Bartolo Colon is the ultimate strawman. He’s a glimmer of hope for every old-timer, has-been, or never-was.
Listed at 5’11”, 285 pounds, and 45-years-old, this living incarnation of a meme threw 146 1⁄3 innings for the Texas Rangers in 2018. They weren’t particularly good innings (5.47 FIP, 81 strikeouts), but they were innings all the same, and in the major leagues no less.
“If he can do it, why can’t I?” asks the local loudmouth at happy hour. “I’m younger and in much better shape! I can do what he does easily!”
As the voice of reason (or at least possibly sobriety), you point out that he’s been pitching in the major leagues since 1997, and despite his appearance, is a world class athlete.
“C’mon,” burps your light beer-chugging counterpart, “Look at him! He’s even more of a sloppy mess than me! You can’t honestly believe he’s any kind of real ballplayer!”
You turn to the TV. You didn’t see the play, but Colon is sitting on his keister between the mound and first base, grinning stupidly. He’s not making it easy for you to defend him. Given his performance, appearance, and comportment, you begin to realize you’re losing the debate.
If only there was something remaining of the former Cy Young winner, you could prove he was still a high caliber athlete. As it turns out, there is!
Lowest BB% in Three Ball Counts, 2018
Out of all MLB pitchers who reached at least 50 three-ball counts in 2018, only Bartolo Colon threw ball four less than 1⁄4 of the time!
Unfortunately, this doesn’t mean he’s successful. There are worse things than walks. His .534 slugging percentage against in three-ball counts was one of the worst in the league: he gave up 21 hits and four home runs. He’s one of only seven pitchers to strike out less than ten percent of opponents in three ball counts.
Regardless, it’s good to lead the league in something. It validates his continued employment as a baseball player just a little. However, maybe a few more walks would’ve been better than some of those hits.
Colon is not an anomaly; here’s another pitchers who might need to work on his three-ball count approach:
The Dodgers’ All-Star swingman enjoyed a breakout year in 2018. His 6.18 strikeout:walk ratio was fourth best in baseball (minimum 120 innings) behind Justin Verlander, Chris Sale, and Corey Kluber. That’s great company to have on any leaderboard!
While Stripling doesn’t reach three-ball counts very often, he needs to rethink how he pitches in those situations. As shown above, he was second-best behind only Colon in fewest walks allowed. Also like Colon, this means he probably left too many fat pitches over the plate in order to avoid a walk.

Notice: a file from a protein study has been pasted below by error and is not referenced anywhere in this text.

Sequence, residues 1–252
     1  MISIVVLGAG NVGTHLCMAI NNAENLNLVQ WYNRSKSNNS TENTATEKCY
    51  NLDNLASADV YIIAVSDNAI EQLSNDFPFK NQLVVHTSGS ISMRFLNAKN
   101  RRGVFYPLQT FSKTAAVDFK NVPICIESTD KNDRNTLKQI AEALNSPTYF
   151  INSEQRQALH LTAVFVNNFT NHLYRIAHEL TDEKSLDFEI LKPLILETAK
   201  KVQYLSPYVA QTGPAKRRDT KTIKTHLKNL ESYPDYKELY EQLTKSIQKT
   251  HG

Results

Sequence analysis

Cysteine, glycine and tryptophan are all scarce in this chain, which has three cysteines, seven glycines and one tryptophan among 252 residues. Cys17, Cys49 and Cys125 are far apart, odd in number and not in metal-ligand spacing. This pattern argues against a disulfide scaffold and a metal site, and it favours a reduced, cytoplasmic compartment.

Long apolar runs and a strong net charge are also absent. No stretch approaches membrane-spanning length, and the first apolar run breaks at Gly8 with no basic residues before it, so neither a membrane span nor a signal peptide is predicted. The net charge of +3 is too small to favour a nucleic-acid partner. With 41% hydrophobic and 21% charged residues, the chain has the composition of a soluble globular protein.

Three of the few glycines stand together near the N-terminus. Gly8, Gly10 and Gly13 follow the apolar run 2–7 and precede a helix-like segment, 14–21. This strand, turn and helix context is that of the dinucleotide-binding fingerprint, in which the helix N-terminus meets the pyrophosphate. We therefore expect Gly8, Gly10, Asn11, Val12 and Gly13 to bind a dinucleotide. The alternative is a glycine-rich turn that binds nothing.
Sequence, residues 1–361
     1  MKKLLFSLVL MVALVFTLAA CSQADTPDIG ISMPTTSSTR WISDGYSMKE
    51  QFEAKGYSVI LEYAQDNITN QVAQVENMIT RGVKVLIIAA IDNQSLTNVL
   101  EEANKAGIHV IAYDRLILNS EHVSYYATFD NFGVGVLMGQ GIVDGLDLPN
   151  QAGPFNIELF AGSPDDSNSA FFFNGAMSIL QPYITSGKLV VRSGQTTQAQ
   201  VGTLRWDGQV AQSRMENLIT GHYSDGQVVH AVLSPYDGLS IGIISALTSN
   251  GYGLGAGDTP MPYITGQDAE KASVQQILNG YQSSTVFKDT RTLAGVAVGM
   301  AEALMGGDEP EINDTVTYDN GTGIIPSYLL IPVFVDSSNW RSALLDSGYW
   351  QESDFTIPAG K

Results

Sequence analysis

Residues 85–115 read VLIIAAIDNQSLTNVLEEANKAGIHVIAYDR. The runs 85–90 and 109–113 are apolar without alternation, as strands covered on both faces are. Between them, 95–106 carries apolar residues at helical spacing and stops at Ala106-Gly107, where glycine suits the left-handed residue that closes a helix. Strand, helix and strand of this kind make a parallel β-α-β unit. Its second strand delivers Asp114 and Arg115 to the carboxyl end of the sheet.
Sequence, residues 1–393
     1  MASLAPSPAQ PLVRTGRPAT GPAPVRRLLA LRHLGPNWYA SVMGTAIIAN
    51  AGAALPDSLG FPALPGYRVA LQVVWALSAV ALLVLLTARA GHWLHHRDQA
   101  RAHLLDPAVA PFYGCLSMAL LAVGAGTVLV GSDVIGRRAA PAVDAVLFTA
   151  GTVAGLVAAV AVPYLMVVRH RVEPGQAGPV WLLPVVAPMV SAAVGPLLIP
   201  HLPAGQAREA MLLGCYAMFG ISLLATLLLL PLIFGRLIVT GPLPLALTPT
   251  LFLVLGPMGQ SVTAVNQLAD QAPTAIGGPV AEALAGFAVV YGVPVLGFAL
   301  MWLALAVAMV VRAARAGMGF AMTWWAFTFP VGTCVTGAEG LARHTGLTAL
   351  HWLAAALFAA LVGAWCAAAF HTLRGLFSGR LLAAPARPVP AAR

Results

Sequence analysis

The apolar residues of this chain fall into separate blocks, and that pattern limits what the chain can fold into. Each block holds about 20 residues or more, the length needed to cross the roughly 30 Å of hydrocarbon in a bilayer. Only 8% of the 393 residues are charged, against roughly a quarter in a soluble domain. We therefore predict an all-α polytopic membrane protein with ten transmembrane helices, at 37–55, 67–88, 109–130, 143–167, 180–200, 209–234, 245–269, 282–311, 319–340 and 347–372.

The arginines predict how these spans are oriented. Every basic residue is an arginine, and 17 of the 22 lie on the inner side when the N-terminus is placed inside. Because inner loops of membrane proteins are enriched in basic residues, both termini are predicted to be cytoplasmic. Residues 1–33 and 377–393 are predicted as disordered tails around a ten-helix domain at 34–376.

Batters tagged him for seven dingers in 86 three-ball counts, which was the second worst home run rate in baseball behind Anthony Desclafani. His .688 slugging percentage allowed was the third worst trailing only Jason Vargas and Domingo German. Now he’s no longer keeping such great company.
It’s not difficult to see why Stripling gets hit so hard in three-ball counts.
Stripling hangs out in the middle of the strike zone way too much. Obviously, he’s trying to avoid walks, but at a great cost. Batters tee off those get-me-over pitches because they’re usually right down the middle.
On the Other Hand
Only one pitcher finished in the top ten in both walk rate and strikeout rate with three balls. Justin Verlander reached 141 three-ball counts, striking out 46 batters while walking only 37.
Verlander’s zone profile with his back to the wall is much more diverse than Stripling’s. He varies his location quite a bit, but generally likes to bust right-handed hitters inside. The results show that he’s much more effective.
Most likely, none of this will win you an argument in a sports bar. You’ll have to settle for an inner feeling of intellectual superiority over the guy yelling at the TV. It’s also still nice to know that even Colon is still the best in the game at something. Especially since he wants to come back in 2019.
Daniel R. Epstein is an elementary special education teacher and president of the Somerset County Education Association. In addition to BtBS, he writes at www.OffTheBenchBaseball.com. Tweets @depstein1983